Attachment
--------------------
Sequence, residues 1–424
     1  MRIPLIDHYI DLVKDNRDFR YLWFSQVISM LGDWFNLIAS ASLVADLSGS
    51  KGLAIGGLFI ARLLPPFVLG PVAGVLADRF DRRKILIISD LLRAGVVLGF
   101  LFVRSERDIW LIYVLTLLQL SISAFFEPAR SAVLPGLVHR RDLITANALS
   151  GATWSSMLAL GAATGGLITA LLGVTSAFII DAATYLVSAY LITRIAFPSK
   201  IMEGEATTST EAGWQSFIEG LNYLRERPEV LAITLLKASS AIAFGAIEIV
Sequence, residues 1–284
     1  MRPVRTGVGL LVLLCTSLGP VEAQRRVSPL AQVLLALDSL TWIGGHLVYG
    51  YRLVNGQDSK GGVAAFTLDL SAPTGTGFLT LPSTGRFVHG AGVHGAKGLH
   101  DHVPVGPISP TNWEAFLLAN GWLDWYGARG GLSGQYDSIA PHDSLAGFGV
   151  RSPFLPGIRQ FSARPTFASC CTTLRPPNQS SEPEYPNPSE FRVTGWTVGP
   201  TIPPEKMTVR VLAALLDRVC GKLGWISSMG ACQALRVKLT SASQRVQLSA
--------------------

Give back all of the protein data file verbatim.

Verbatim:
Sequence, residues 1–424
     1  MRIPLIDHYI DLVKDNRDFR YLWFSQVISM LGDWFNLIAS ASLVADLSGS
    51  KGLAIGGLFI ARLLPPFVLG PVAGVLADRF DRRKILIISD LLRAGVVLGF
   101  LFVRSERDIW LIYVLTLLQL SISAFFEPAR SAVLPGLVHR RDLITANALS
   151  GATWSSMLAL GAATGGLITA LLGVTSAFII DAATYLVSAY LITRIAFPSK
   201  IMEGEATTST EAGWQSFIEG LNYLRERPEV LAITLLKASS AIAFGAIEIV
Sequence, residues 1–284
     1  MRPVRTGVGL LVLLCTSLGP VEAQRRVSPL AQVLLALDSL TWIGGHLVYG
    51  YRLVNGQDSK GGVAAFTLDL SAPTGTGFLT LPSTGRFVHG AGVHGAKGLH
   101  DHVPVGPISP TNWEAFLLAN GWLDWYGARG GLSGQYDSIA PHDSLAGFGV
   151  RSPFLPGIRQ FSARPTFASC CTTLRPPNQS SEPEYPNPSE FRVTGWTVGP
   201  TIPPEKMTVR VLAALLDRVC GKLGWISSMG ACQALRVKLT SASQRVQLSA